Alas, Poor Ghost!
Alas, Poor Ghost!
Gillian Bennett

5.5 x 8.5 232 pages
Published: 1999

paper $26.95
ISBN 978-0-87421-277-8

ebook $20.95
ISBN 978-0-87421-356-0

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"Alas, Poor Ghost!"

Tradition of Belief in Story and Discourse

Gillian Bennett

What could have been a simple survey of belief ramified into an investigation of the use of language, the self-perception of women, the make-up of women's lifestyles and other related issues. —Northern Earth

Bennett's object is neither to support nor to refute such grassroots beliefs in the supernatural, but to 'explore the relationship between narrative and belief. —Elizabeth Wein, Journal of American Folklore

In the rational modern world, belief in the supernatural seemingly has been consigned to the worlds of entertainment and fantasy. Yet belief in other worldly phenomena, from poltergeists to telepathy, remains strong, as Gillian Bennett's research shows. Especially common is belief in continuing contact with, or the continuing presence of, dead family members. Bennett interviewed women in Manchester, England, asking them questions about ghosts and other aspects of the supernatural. (Her discussion of how her research methods and interview techniques evolved is in itself valuable.) She first published the results of the study in the well-received Traditions of Belief: Women and the Supernatural, which has been widely used in folklore and women's studies courses. "Alas, Poor Ghost!" extensively revises and expands that work. In addition to a fuller presentation and analysis of the original field research and other added material, the author, assisted by Kate Bennett, a gerontological psychologist, presents and discusses new research with a group of women in Leicester, England.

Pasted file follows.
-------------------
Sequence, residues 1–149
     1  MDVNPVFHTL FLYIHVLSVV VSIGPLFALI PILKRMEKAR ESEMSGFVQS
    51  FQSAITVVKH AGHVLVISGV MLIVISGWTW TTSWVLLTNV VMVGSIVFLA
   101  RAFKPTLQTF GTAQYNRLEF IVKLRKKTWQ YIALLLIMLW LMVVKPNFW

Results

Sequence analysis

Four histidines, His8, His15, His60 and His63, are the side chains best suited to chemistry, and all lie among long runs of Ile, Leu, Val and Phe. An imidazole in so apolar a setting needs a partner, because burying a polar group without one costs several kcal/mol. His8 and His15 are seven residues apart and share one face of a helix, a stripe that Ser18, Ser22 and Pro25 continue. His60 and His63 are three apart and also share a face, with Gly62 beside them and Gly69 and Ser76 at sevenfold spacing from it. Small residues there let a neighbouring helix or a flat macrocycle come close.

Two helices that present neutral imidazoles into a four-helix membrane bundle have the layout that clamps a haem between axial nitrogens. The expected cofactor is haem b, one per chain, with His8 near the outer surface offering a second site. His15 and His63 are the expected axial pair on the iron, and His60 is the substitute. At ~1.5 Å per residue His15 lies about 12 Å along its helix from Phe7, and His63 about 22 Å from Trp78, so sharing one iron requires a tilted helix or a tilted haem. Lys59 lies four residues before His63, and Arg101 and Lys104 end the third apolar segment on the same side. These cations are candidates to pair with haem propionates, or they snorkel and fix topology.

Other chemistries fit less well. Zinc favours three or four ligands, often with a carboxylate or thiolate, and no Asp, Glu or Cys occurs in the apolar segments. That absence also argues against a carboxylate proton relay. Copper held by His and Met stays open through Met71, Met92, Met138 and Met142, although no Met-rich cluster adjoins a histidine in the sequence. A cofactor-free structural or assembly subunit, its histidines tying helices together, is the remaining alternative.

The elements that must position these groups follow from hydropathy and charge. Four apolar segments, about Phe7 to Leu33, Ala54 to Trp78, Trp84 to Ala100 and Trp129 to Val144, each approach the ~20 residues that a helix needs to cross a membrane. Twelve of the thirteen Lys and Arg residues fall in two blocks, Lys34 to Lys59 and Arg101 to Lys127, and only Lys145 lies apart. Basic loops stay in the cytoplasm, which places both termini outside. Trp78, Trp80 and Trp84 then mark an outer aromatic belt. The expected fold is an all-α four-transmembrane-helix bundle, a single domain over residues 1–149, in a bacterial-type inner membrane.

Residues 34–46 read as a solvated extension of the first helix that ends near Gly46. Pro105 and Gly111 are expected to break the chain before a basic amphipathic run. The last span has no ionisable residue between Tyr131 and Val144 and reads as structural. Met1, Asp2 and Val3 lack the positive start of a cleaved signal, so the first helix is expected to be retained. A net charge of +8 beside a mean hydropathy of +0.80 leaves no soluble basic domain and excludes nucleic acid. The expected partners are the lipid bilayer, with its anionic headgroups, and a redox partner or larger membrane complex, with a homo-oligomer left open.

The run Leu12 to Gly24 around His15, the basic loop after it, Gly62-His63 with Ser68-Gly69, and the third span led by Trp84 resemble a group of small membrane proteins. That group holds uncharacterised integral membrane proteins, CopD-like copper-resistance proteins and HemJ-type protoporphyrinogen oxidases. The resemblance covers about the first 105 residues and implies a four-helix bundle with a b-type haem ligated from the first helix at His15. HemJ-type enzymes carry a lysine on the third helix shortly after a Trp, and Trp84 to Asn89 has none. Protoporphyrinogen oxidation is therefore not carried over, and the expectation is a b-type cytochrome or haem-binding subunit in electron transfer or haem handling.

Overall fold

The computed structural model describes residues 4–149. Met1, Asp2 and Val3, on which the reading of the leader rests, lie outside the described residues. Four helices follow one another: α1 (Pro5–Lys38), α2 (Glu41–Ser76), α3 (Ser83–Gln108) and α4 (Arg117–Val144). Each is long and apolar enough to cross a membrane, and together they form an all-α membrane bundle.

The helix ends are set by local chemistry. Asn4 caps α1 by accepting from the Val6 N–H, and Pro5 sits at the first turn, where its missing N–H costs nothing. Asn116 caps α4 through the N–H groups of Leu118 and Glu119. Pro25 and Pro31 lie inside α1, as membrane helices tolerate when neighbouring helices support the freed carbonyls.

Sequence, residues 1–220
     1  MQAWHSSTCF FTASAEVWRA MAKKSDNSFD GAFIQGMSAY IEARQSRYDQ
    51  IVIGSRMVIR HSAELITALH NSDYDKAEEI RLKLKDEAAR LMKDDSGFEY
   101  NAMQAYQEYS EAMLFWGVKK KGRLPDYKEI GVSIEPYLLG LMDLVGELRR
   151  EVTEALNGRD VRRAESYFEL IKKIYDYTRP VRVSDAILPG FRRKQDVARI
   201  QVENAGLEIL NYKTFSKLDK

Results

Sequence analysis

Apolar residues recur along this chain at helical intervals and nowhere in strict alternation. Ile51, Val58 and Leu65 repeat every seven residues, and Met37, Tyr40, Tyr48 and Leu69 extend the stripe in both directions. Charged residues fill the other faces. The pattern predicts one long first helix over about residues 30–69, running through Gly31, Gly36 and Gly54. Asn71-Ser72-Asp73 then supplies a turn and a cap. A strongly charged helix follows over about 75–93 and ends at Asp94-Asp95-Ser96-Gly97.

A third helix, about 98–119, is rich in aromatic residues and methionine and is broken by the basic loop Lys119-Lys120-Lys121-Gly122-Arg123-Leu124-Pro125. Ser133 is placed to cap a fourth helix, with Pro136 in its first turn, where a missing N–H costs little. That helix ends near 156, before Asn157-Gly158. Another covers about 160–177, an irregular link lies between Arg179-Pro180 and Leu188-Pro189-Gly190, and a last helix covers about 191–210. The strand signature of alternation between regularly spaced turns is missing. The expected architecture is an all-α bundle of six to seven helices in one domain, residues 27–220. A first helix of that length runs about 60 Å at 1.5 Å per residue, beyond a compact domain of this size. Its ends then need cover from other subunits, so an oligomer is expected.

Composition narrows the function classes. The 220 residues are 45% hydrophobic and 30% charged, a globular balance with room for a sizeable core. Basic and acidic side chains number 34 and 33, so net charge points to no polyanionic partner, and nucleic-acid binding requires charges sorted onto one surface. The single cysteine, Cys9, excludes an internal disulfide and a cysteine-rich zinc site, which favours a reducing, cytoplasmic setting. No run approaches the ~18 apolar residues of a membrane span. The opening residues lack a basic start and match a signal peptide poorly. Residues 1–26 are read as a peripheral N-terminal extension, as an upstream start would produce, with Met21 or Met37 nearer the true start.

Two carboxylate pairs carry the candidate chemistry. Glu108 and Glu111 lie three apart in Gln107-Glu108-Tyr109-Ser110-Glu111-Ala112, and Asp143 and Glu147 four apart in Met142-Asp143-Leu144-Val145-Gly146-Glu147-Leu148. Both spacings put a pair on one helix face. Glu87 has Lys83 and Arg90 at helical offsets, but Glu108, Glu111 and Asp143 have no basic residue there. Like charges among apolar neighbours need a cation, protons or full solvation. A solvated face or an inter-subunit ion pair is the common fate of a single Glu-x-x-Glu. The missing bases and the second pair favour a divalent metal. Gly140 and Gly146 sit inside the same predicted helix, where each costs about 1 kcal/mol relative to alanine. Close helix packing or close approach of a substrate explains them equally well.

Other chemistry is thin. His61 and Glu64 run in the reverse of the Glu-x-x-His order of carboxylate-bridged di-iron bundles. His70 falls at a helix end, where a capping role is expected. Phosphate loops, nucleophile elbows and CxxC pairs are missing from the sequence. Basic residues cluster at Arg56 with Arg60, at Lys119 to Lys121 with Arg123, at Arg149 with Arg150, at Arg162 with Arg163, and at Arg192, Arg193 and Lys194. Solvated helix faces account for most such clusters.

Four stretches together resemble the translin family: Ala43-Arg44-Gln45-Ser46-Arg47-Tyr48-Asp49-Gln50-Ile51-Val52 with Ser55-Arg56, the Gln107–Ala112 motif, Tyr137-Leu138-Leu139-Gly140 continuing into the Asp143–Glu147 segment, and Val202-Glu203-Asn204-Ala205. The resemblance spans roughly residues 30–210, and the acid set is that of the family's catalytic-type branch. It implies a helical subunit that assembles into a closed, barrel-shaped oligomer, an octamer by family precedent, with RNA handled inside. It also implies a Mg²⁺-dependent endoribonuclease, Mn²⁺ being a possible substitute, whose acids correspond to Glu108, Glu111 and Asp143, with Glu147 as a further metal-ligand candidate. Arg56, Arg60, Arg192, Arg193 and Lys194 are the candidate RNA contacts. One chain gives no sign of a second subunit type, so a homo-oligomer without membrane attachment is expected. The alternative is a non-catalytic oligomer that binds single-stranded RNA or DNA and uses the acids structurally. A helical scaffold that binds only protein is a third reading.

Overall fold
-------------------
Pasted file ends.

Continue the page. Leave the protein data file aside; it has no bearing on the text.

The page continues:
Bennett is interested in more than measuring the extent of belief in other worldly manifestations. Her work explores the relationship between narrative and belief. She anticipated that her questions would elicit from her interviewees not just yes or no replies but stories about their experiences that confirmed or denied notions of the supernatural. The more controversial the subject matter, the more likely individuals were to tell stories, especially if their answers to questions of belief were positive. These were most commonly individualized narratives of personal experience, but they contained many of the traditional motifs and other content, including belief in the supernatural, of legends. Bennett calls them memorates and discusses the cultural processes, including ideas of what is a "proper" experience of the supernatural and a "proper" telling of the story, that make them communal as well as individual. These memorates provide direct and vivid examples of what the storytellers actually believe and disbelieve. In a final section, Bennett places her work in historical context through a discussion of case studies in the history of supernatural belief.